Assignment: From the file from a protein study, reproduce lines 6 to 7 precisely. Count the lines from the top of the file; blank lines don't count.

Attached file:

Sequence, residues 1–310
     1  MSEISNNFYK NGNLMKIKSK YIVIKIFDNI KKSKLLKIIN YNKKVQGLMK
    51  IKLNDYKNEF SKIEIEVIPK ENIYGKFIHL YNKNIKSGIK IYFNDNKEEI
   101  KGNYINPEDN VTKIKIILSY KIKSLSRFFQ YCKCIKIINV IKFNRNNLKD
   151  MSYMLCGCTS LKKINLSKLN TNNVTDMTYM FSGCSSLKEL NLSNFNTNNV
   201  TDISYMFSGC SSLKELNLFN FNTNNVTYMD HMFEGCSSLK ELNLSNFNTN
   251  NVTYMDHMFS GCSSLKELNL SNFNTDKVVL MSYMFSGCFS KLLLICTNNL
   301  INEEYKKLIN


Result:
   201  TDISYMFSGC SSLKELNLFN FNTNNVTYMD HMFEGCSSLK ELNLSNFNTN
   251  NVTYMDHMFS GCSSLKELNL SNFNTDKVVL MSYMFSGCFS KLLLICTNNL